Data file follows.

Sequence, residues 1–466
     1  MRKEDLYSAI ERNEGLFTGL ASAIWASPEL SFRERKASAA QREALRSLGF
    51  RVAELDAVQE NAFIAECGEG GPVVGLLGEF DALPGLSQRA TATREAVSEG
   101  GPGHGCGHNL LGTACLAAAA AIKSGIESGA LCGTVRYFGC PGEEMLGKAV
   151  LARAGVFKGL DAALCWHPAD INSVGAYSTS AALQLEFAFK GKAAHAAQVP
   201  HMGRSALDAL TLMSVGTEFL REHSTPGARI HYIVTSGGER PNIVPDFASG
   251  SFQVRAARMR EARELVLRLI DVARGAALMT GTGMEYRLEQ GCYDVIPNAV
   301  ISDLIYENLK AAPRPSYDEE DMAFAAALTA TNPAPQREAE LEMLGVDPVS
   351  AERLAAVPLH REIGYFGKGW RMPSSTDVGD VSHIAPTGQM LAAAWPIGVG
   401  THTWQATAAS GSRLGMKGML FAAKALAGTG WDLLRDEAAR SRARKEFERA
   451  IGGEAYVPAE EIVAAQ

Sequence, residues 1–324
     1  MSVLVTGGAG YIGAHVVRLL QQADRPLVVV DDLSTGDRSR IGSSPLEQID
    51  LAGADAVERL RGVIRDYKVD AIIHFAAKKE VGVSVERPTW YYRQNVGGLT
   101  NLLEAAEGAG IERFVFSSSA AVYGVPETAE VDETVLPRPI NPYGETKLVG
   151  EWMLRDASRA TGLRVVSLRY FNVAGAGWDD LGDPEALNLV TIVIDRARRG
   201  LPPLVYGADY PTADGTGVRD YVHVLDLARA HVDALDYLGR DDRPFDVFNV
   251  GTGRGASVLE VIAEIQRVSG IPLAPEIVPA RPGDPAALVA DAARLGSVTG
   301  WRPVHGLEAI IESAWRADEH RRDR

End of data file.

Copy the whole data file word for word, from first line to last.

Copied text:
Sequence, residues 1–466
     1  MRKEDLYSAI ERNEGLFTGL ASAIWASPEL SFRERKASAA QREALRSLGF
    51  RVAELDAVQE NAFIAECGEG GPVVGLLGEF DALPGLSQRA TATREAVSEG
   101  GPGHGCGHNL LGTACLAAAA AIKSGIESGA LCGTVRYFGC PGEEMLGKAV
   151  LARAGVFKGL DAALCWHPAD INSVGAYSTS AALQLEFAFK GKAAHAAQVP
   201  HMGRSALDAL TLMSVGTEFL REHSTPGARI HYIVTSGGER PNIVPDFASG
   251  SFQVRAARMR EARELVLRLI DVARGAALMT GTGMEYRLEQ GCYDVIPNAV
   301  ISDLIYENLK AAPRPSYDEE DMAFAAALTA TNPAPQREAE LEMLGVDPVS
   351  AERLAAVPLH REIGYFGKGW RMPSSTDVGD VSHIAPTGQM LAAAWPIGVG
   401  THTWQATAAS GSRLGMKGML FAAKALAGTG WDLLRDEAAR SRARKEFERA
   451  IGGEAYVPAE EIVAAQ

Sequence, residues 1–324
     1  MSVLVTGGAG YIGAHVVRLL QQADRPLVVV DDLSTGDRSR IGSSPLEQID
    51  LAGADAVERL RGVIRDYKVD AIIHFAAKKE VGVSVERPTW YYRQNVGGLT
   101  NLLEAAEGAG IERFVFSSSA AVYGVPETAE VDETVLPRPI NPYGETKLVG
   151  EWMLRDASRA TGLRVVSLRY FNVAGAGWDD LGDPEALNLV TIVIDRARRG
   201  LPPLVYGADY PTADGTGVRD YVHVLDLARA HVDALDYLGR DDRPFDVFNV
   251  GTGRGASVLE VIAEIQRVSG IPLAPEIVPA RPGDPAALVA DAARLGSVTG
   301  WRPVHGLEAI IESAWRADEH RRDR